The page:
My time in China continues to influence my life. The most radical aspects have to do with travel. The realization that I could go literally anywhere on the planet and I don’t have to get permission to do so. I can just figure out what it takes to go there, book a flight (after getting visas and shots if needed), and go. There was something that changed in my mindset as I was standing alone on the Great Wall staring a a sight in real life which I had only ever seen before in my text books in school. I could just GO!
The second most dramatic thing that changed was my cooking. I learned so many great techniques and recipes while I was there that I immediately came home and started incorporating them into my life. The most common one is soup. The soup pictured above is my cold busting, sinus opening, warm good feeling soup. It is loosely based on the breakfast noodles which were a common occurrence during my time in China. It goes something like this.
Several chopped garlic cloves
Two Tbs of diced ginger
Two celery stalks
Two large carrots
Half of a large onion
One shallot, minced
Two diced Thai chili peppers (if you want extra heat)
All of the above goes into a medium to large saucepan with a dash of hot sesame oil and sautéed over medium heat until the onions are translucent.
Add meat. This can be left over roasted chicken which is what I prefer but I’ve also used deli turkey or sliced London broil which is what went into the photo above. You can also use tofu for a veggie version.
After the meat sautés for a couple of minutes pour in enough broth to generously cover the sautéed ingredients. I like to use chicken broth but veggie broth is fine as well.
At this point I usually add rice noodles but this time I added some mushrooms. These are Hen of the Woods and Enokitake mushrooms which add extra nutrients and fiber. Simmer until the noodles (or mushrooms) are tender. You can also add a boiled egg a few minutes before to warm it up for a very traditional Chinese pairing. Usually these eggs are boiled in black tea. It I just use regular hard boiled eggs. Top off with some Black Vinegar and you are set.
There you go. A super cold busting mixture that is very tasty and healthy. Not to mention quick to make.
It’s a far cry from the standard take out but oh so delicious.
It feels in some ways that this has been a super long harvest and in others it fells so short. We had the rain on and off for the week in early October but since then the weather has been beautiful. Riesling has been very strange this year. There was a large crop and that led to many vineyards stalling out in the mid-teens for Brix and moving very slowly. The best growers as always managed to produce beautiful fruit regardless.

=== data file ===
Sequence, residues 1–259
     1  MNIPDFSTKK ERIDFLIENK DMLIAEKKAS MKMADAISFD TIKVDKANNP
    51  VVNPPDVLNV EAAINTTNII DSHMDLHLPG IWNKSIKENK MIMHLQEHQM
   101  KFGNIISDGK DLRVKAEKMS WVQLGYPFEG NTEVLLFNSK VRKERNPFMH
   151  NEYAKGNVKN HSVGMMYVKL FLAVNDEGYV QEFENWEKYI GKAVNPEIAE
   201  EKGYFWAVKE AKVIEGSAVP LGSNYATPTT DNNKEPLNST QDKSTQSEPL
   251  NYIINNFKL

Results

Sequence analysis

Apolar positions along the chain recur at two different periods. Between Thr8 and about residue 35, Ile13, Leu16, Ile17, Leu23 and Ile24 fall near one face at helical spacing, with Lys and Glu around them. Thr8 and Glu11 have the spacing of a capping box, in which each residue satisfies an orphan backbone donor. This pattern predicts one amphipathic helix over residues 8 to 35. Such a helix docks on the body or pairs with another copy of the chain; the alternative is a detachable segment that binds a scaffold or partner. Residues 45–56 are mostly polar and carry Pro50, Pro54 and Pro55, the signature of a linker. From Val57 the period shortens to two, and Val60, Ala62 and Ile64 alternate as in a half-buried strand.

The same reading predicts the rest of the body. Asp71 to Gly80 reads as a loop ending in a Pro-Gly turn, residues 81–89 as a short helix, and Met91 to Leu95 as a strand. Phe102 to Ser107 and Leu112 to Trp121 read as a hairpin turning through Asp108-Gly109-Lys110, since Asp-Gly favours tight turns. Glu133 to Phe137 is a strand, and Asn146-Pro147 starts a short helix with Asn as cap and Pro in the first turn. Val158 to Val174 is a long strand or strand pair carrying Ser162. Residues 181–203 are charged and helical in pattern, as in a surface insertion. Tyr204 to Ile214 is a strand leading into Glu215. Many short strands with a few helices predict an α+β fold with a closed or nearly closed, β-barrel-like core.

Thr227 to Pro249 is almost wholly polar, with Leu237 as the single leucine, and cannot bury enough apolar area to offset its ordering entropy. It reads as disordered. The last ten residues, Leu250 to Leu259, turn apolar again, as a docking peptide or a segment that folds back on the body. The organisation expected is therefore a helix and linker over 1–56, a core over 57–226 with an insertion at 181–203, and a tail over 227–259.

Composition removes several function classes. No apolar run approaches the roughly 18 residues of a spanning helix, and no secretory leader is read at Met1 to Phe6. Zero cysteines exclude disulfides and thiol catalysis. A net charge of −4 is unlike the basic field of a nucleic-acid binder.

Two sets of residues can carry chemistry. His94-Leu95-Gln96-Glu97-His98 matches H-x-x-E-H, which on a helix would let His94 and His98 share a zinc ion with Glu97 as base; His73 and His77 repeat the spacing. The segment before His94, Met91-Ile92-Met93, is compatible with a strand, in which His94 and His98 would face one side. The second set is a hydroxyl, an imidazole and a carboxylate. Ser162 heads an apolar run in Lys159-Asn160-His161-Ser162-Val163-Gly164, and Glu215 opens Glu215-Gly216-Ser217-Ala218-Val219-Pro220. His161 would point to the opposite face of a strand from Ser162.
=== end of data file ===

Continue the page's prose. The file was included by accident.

The barrel fermented Blaufrankisch is settled into barrels (for aging this time) and going through ML. It looks very promising. We finally picked our Riesling for 240 Days last week and it is getting ready to go through primary fermentation. The 240 Days Rose looks and smells like pink Sauvignon Blanc which is super interesting and delicious. It just finished fermentation and will get sulfur this week. Also on my list soon is getting the 2016 Cabernet Franc out of barrels and blended.
I know the snow is coming soon and with it a slow down in my travels but greater focus on what is happening in the winery. The start of the 240 Days of winemaking is upon us!
As a side note, I’m excited to announce my blog has been named one of the top 100 wine blogs on Feedspot, was listed as one of the top 10 wine blogs on 10Greatest.com, and I did a quick interview with the WSET out of London. Find that full article here. All in all it’s been a great week!
Harvest is usually crazy but this year seems busier than most. After a super cool and very rainy summer we have had several weeks of warm, dry weather which was much needed.
Riesling for Trestle Thirty One
Unfortunately, the four weather forecast models that I look at this time of year are inconsistent on the next week. As of now, it looks like it will rain. It is uncertain if it will be a few days or a week of rain. Either way it is not what one wants this time of year if one is a winemaker.
One of the exciting things I’m trying this harvest is a barrel fermented red using Blaufrankisch. The first thing we had to do was remove the barrel heads. Coopering is something I’ve never tried before but after searching the internet I was able to get enough info to be dangerous.
Two of my team mates and I got together to take apart some barrels last weekend. The hoops needed to be removed then the barrel head then the hoops needed to be replaced. After the first one held water, we felt more confident moving forward. Finally we had five barrels prepped and ready to fill with fruit this week.
Now I have Chardonnay in a barrel and stainless drums, Blaufrankisch in barrels, and Cabernet Franc, Riesling, and Rose in tanks.
I can’t wait to see how this turns out.